Other countries don't enforce queues to the extent the US does.
The Freakonomics blog mentioned this in the context of World Cup matches. The game was between I think Germany and Poland. I might be remembering that wrong. The people from Germany and countries such as the US and the UK would get at the end of the line, while the Polish people (not to disparage them or anything) would go up to the front of the line at the sides, so rather than just getting longer with people added at the end, the line also got wider and wider, with the people following the German model hardly getting any closer to the front as time passed because of all the people coming in from the sides.
They are getting exactly the amount of money they expected, even if it came from arbitrageurs rather than traditional customers.
They're getting the money they expected minus the restocking fees and plus the hassle of constant returns. Some of the returns were of used goods that they couldn't resell but for some reason had to take back anyway.
I can't speak for other people, of course, but the reason I'm not entirely comfortable with the practice is that - so far as I understand matters - there's currently no way for the provider to determine which packets to handle in which way except by inspecting the contents of the packets, so this can't currently be done without violating the neutrality principles at least in concept.
I'm not sure about neutrality but that would certainly be a privacy issue. However, I don't think deep packet inspection would be necessary.
in practice, there can be some degree of flexibility to allow for traffic shaping, so that e.g. data which needs fast response (e.g. realtime communication) can be given lower ping times at the expense of also getting lower throughput.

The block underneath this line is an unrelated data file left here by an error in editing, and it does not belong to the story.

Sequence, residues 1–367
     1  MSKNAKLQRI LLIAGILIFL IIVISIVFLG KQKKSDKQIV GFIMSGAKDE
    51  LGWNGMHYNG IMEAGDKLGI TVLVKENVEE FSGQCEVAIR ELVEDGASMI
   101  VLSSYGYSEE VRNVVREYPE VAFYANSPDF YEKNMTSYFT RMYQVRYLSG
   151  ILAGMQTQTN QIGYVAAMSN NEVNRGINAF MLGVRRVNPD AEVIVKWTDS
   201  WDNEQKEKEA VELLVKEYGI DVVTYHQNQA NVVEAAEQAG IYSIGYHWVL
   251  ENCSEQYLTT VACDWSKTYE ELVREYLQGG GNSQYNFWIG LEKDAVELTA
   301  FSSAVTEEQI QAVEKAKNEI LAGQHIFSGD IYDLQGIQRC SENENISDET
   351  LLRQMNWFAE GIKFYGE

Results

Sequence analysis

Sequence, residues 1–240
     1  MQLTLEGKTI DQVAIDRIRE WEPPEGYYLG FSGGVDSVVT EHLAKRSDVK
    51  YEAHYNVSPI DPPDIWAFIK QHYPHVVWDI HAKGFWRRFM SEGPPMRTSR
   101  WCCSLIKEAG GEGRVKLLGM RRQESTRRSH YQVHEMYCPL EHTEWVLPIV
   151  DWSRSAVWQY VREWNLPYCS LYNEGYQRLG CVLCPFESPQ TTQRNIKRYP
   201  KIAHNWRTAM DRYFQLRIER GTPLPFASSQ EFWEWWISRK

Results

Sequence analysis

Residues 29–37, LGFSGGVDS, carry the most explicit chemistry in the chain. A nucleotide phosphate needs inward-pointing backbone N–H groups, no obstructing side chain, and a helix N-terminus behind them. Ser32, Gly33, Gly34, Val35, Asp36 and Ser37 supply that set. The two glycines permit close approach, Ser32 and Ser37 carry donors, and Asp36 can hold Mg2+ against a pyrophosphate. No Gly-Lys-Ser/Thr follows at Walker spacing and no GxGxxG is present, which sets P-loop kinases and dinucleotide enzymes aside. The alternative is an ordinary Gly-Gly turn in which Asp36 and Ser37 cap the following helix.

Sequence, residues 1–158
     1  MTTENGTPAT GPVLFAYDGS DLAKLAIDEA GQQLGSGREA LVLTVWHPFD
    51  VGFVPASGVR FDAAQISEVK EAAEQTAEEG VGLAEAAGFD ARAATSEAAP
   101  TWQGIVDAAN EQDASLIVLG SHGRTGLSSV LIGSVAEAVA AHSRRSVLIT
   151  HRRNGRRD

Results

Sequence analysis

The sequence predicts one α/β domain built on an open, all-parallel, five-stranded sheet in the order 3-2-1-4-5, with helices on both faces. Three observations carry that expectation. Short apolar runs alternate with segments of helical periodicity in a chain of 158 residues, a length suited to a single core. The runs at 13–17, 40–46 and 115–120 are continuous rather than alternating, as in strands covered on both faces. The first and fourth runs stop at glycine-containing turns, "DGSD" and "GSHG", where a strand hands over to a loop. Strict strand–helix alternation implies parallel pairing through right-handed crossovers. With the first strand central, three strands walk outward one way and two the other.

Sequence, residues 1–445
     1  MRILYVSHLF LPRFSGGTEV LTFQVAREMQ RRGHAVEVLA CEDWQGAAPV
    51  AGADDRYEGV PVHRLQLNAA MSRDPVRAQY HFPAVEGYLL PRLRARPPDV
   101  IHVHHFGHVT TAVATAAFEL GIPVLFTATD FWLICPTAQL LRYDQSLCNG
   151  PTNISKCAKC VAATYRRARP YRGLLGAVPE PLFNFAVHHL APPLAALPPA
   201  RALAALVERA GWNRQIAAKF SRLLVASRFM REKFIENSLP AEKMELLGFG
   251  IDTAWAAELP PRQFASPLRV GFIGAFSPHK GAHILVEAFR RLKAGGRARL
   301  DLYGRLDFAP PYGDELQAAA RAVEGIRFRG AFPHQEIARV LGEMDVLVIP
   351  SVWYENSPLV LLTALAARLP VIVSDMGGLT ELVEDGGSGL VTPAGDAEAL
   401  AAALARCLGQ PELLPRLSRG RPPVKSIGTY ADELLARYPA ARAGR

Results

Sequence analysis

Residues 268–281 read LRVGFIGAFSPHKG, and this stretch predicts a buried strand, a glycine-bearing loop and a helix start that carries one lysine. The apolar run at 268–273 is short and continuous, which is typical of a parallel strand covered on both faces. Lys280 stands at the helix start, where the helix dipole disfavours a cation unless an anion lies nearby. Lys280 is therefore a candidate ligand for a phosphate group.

Do you have any references for how that tradeoff works? Personally I wouldn't mind if ISPs shaped traffic based on type - prioritize latency on streams (this would cover everything from Netflix to VOIP) and gaming, and deprioritize bittorrent, email, etc. if necessary. That gets some peoples' panties in a twist though, not sure why.
I'm guessing this type of vulnerability exists in Teslas because the company designed the systems to be remotely updateable, including control systems. Which I would say is another word for remotely exploitable (not necessarily easily, but still).
Have you heard of the concept of loop holes? They are built into legislation or regulation on purpose.
The question is how the FCC created this problem. To answer that question you would need to indicate how FCC regulations caused these companies to institute zero rating - that is, they wouldn't have done it if not for the regulations. All you have done so far is demonstrate that the FCC allows zero rating, and we all knew that already.
If a sentence is starting with any variation of "some people", you know it's garbage.
There's a big difference, namely opinion vs. fact. Saying that some people have an argument to make that something is racist could be meaningful depending on the strength of the arguments, because whether it's racist is not a factual matter. When Trump says it, it's about facts. "Lots of people are saying X" where X is an event that did not in fact occur. The number of people saying something factually incorrect is irrelevant.